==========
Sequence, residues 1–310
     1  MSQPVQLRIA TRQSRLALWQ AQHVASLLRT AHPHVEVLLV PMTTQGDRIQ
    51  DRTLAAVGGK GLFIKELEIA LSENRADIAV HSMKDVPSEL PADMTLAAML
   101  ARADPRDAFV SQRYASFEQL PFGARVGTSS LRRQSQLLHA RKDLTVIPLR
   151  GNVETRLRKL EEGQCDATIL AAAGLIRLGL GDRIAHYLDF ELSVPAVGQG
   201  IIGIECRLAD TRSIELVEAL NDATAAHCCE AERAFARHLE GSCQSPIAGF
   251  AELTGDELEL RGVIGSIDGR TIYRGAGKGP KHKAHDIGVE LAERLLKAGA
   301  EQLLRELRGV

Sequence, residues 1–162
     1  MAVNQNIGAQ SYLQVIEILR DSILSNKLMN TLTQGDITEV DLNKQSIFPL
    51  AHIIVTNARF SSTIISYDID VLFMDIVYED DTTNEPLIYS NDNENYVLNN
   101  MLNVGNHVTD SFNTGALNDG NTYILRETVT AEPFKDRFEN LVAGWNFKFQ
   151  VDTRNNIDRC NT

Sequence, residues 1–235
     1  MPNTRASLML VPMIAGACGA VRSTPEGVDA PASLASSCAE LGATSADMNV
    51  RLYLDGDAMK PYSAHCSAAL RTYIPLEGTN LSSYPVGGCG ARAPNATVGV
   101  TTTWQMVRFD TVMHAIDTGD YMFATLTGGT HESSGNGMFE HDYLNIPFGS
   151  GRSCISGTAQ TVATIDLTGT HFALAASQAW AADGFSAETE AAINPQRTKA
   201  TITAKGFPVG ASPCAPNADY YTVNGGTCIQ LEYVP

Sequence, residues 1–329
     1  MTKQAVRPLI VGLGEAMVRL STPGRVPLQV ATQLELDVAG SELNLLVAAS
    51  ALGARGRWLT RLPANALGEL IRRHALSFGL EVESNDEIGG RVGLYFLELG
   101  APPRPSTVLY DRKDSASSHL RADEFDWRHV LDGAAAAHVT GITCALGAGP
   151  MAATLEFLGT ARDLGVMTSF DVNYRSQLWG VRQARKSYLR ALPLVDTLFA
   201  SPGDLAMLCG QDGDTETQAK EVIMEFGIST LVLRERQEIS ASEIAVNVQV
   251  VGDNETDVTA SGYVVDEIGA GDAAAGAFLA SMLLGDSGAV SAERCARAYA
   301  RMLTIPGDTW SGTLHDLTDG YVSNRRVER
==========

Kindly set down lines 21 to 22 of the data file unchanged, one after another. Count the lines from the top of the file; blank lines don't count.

     1  MTKQAVRPLI VGLGEAMVRL STPGRVPLQV ATQLELDVAG SELNLLVAAS
    51  ALGARGRWLT RLPANALGEL IRRHALSFGL EVESNDEIGG RVGLYFLELG